The time was 13:41.

Exactly five minutes have passed.

In that five minutes, I went through the four of the most prominent daily newspapers in Ulaanbaatar. All 56 pages of them. (Including 14 pages that are printed in color. Half of those color pages has one or two pictures that are in color therefore technically qualifies as a color page. )

Going through all the headlines of all articles and reading a few that caught my interest required that much time. I actually spent some time reading some of the articles. But usually it’s not worth reading, to put it very very gently. Maybe those working in the government sector will spend slightly more time reading those articles. Or if your distant relative happens to be featured in one of those excruciatingly long interviews that conveniently take the whole page. But I wouldn’t allocate more than 15 minutes of my day reading those papers.

The above mentioned daily newspapers are some of the most prominent ones here in Ulaanbaatar, Mongolia. Majority of the articles are dominated by politics coverage and long interviews of some well known person or a political figure. If you had to describe the mood of these papers it’s gloomy, unimaginative, uninspiring and colorless. A lot like the actual cheap paper it was printed on.

You could say newspapers are somewhat of a reflection of the city that is published in. And boy do we have so many newspapers that are practically the same as each other.

Confession must be made that I am not a journalist or someone who has extensive knowledge on journalism/newspapers/magazines etc. This may not qualify me as a reliable source of a newspaper critic but I guess no one would care as long as I put forward legitimate points that deserve a thought or two.

It’s seriously no fun reading newspapers in Mongolia. I might read some articles online just to try to improve my Mongolian language. Other than that I don’t think readers get much satisfaction out of reading something. Maybe I’m the only one. But I highly doubt it.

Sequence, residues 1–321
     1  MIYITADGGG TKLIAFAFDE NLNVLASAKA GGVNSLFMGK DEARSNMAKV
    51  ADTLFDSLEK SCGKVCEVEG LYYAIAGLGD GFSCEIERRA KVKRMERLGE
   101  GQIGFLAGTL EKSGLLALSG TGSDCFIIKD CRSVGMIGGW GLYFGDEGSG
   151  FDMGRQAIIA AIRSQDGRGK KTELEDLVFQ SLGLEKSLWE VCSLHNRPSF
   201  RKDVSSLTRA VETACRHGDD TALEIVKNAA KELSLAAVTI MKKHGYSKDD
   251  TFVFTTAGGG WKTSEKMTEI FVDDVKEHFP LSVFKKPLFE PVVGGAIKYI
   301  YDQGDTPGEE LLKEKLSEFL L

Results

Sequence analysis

Sure it’s news. It’s hard to make news sexy. But I always enjoy reading newspapers of foreign countries. Whether its The Times of Israel, The Japan Times, The Korea Times, Straits Times, The Guardian, BBC, CNN, The New York Times or even the USA Today. I may not have deep interest in all the articles written on those newspapers but if I do read them I know I will have sufficient reliable information to back the article in front of my eyes and I will probably not feel the need to criticize the writing style or the content of the article. That’s usually because in those international newspapers, journalist and other writers write their own personal opinion on a dedicated column usually called “Opinion” or “Views”. And their writing style is straightforward, impersonal, factual and usually includes necessary relevant information to support the article. Which I believe is how newspaper writings should be.

On the other hand in Mongolian newspapers, the patterns I seem to notice all too frequently are writers dropping names, inserting their own personal bias and opinion at every paragraph, calling people names and freely accusing organizations and individuals of all sorts of wrongdoings. I guess some of the journalists get sued from time to time but I heard plaintiffs don’t really follow through but use the sueing tactic to scare off journalists.

I don’t want to overgeneralize too much but the whole newspaper, media sector are filled with people who don’t give a shit about the content or the style. I thought being a reporter or a journalist was an honorable job that services the public with information based on fact and concrete figures. I am not sure the journalists in Mongolia feel the same way. And in return, we readers don’t give a shit, I guess.

And one thing I actually detest in Mongolian writing is how long the paragraphs are. There is sometimes no space between paragraphs and some paragraphs are more than 10 long sentences each. And all sorts of different ideas, causes and facts are all jumbled into one messy paragraphs that eventually loses its meaning and relevance as the articles go on. Shouldn’t it be one clear idea at the start of per paragraph and more information to support that idea in the rest of the paragraph? Shouldn’t the first paragraph of the article give a summary of the event?


I might write more about my lack of gratitude towards newspaper people in Mongolia but who gives a shit, right?

But I do enjoy the occasional features and useful information that are published in ikon or gogo. Those are not bad.

(Some clarification may be in order: I don’t mean all newspapers and by journalists I don’t mean all journalists who work in different media sector. I just mean some of those people who write at daily newspapers. And most of the articles they write gets published on websites, so it doesn’t really make a difference does it.)

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